My original WALK THE SKY audiobook review and many others can be found at Audiobook Reviewer.
In its opening moments, George and Clay, a pair of men on the run from the law and fleeing through the desert, come across a small boy lying near-death beneath the hot sun. The boy is the sole survivor of a massacre that wiped out a nearby town and when they take it upon themselves to care for the boy and investigate, George and Clay find themselves captured by bandits and tied up in jail. The men are to be sacrifices for the inhuman evils roaming the desert, the nightmarish creatures that wiped out the town and demand blood, creatures that only come out at night.
Co-written by Robert Swartwood and David B. Silva, Walk the Sky is a very well-done work of western horror. It’s also Silva’s final piece of work, having passed away in 2013 mere weeks after the publication of this title as a limited edition hardcover by Thunderstorm Books. As such, Walk the Sky is dedicated to Silva, who, as an editor, author, and Bram Stoker Award winner, has a long, and very rich, legacy within the horror genre. Silva was not just a friend and mentor to Swartwood, but a co-author on one other title they penned together, At the Meade Bed & Breakfast. Listening to Walk the Sky in audio format, it’s hard for me to tell where Swartwood’s style separates from Silva’s, and their prose blends together seamlessly. The end result is a perfectly engaging story filled with terrific characters, some of them quite smarmy, and a rich supernatural spine binding them all together.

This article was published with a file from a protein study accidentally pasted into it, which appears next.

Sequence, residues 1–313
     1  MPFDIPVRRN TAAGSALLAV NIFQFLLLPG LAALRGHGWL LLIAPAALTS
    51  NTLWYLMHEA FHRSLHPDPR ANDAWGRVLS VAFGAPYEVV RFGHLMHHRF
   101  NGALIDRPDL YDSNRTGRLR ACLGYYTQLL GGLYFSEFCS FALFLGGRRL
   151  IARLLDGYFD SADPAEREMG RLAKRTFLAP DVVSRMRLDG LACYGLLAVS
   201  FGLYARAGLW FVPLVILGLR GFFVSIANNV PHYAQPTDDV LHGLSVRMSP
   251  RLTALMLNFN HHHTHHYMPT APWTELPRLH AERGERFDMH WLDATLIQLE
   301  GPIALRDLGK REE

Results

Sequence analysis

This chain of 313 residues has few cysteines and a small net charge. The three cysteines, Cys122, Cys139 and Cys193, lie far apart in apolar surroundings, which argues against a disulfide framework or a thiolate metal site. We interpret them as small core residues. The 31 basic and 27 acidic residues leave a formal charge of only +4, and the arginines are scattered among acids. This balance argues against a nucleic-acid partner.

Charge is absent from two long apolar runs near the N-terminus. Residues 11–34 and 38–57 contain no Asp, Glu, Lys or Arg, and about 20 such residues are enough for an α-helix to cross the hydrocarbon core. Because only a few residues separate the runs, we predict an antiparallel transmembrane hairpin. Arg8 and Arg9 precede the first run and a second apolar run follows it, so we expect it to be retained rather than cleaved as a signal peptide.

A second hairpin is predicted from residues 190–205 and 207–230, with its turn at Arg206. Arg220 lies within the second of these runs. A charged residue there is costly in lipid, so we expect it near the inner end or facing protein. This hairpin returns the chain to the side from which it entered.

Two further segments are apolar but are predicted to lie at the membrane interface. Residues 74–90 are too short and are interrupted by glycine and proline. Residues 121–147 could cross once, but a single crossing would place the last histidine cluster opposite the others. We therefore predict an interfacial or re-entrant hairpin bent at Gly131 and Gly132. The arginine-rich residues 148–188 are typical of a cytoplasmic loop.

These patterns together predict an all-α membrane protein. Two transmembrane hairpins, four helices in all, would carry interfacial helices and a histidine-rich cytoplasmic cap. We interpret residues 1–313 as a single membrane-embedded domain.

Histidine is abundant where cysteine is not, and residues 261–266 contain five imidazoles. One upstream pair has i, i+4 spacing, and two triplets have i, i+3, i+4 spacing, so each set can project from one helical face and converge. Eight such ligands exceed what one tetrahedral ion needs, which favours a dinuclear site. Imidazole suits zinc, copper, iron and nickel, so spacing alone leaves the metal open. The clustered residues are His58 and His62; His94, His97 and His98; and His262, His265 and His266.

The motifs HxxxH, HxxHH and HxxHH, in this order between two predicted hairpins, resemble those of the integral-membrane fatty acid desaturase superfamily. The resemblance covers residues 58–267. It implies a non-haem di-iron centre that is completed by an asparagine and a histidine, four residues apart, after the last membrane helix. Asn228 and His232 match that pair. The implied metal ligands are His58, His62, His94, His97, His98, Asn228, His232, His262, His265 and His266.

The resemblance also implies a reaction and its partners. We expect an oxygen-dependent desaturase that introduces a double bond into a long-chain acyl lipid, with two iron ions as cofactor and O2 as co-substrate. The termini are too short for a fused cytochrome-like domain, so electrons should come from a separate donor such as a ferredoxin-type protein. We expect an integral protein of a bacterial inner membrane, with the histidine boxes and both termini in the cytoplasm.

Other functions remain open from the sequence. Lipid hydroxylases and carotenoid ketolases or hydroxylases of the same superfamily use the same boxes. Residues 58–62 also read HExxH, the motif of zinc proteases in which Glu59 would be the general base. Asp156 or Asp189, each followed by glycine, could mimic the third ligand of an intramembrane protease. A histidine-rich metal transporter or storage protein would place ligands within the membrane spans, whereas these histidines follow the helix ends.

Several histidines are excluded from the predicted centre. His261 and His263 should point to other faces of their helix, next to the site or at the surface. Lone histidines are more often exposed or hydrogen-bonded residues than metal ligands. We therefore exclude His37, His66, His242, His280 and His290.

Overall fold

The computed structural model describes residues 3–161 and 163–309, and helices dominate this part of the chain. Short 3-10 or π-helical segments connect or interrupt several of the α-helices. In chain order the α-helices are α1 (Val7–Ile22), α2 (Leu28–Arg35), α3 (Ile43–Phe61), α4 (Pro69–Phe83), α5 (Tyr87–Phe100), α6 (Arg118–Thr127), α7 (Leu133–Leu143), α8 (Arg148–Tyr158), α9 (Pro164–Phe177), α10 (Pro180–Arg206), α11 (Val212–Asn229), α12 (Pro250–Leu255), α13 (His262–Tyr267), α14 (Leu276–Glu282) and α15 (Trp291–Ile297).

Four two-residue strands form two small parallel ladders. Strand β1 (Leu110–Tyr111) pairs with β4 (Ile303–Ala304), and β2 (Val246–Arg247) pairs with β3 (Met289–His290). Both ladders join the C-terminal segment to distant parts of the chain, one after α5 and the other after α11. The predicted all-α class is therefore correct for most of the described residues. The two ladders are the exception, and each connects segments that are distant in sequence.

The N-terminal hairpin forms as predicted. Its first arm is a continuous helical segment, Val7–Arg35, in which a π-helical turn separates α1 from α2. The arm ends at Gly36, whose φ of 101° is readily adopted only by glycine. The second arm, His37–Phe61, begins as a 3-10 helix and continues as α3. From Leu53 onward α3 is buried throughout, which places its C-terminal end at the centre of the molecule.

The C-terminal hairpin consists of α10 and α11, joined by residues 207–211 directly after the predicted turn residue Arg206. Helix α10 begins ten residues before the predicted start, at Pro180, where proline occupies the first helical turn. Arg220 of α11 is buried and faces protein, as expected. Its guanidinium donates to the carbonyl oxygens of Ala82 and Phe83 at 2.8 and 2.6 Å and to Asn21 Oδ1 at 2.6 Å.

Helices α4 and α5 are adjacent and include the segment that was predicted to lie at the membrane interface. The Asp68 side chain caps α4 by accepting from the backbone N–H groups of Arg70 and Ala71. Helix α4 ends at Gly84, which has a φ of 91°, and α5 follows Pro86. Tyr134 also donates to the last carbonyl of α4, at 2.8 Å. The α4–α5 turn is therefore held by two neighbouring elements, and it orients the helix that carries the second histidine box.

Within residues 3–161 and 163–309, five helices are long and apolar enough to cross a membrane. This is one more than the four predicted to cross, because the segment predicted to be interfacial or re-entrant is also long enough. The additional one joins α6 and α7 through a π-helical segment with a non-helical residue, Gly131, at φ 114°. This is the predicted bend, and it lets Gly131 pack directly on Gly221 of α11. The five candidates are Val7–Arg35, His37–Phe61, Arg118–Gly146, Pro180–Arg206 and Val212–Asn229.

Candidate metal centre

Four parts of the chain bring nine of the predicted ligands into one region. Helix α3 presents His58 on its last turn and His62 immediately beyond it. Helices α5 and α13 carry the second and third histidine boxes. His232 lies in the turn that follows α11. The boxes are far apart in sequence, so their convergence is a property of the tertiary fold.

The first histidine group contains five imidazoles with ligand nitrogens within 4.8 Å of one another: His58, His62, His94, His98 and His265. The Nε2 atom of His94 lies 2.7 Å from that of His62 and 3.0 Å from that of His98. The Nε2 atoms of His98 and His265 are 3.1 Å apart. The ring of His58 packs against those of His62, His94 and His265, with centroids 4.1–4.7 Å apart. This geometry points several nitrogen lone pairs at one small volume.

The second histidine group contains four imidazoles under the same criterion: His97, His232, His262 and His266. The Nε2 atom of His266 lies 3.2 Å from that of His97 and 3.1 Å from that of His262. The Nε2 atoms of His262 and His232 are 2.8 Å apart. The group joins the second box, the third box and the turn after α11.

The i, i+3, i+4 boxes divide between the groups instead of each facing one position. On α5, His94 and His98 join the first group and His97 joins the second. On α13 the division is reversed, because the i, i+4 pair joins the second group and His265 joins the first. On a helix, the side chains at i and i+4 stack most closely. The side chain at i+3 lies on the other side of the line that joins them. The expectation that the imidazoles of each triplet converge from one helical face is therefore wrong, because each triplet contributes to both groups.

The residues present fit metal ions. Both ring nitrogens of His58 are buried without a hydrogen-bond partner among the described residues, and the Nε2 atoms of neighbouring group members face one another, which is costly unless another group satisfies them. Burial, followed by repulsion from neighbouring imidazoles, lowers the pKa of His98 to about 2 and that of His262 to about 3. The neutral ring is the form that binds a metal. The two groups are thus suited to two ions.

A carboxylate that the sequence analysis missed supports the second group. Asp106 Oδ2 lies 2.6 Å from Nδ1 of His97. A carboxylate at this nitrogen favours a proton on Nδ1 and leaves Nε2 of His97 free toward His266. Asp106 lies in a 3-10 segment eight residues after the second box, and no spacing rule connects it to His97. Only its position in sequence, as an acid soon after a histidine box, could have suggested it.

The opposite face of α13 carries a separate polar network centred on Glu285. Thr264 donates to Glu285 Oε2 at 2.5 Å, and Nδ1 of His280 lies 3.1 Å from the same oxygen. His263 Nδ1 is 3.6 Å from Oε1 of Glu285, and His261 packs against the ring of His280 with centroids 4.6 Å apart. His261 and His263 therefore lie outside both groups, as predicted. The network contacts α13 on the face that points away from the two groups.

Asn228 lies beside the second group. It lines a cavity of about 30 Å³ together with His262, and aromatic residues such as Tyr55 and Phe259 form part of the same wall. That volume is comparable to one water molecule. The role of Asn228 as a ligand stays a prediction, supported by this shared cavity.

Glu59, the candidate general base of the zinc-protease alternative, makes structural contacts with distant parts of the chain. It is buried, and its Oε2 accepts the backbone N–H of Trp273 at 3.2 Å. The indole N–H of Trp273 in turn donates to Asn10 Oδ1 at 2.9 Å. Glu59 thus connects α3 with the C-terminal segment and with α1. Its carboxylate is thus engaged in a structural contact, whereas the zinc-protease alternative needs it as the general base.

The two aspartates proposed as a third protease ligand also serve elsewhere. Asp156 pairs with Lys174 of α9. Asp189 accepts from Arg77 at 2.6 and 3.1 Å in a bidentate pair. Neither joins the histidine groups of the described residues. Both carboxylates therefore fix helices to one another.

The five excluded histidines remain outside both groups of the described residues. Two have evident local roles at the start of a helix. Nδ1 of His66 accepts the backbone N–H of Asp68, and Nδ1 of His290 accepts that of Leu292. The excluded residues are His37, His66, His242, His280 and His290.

On narrating duties is Matt Godfrey, whose soft, natural reading style is one I’m quickly becoming a fan of after listening previously to his smooth delivery of The Happy Man from Valancourt Books. His subdued Southern twang lends a certain richness and authenticity to this particular work, and his use of a rougher, gravelly voice for Clay lends to that character an air of American Western classicism that I quite enjoyed. All in all, this a polished and professional production.
Walk the Sky takes a number of Western genre tropes – outlaws on the run, gun-toting bandits, a town ruled by an iron fist – and twists them in a number of satisfying ways, with particular motives being wrenched in response to an ancient, mysterious force. Of the handful of supernatural historical horrors I’ve read thus far in 2018, Walk the Sky is easily my favorite, sitting tall in the saddle as the best of the bunch.
[Note: Audiobook provided for review by the audiobookreviewer.com]
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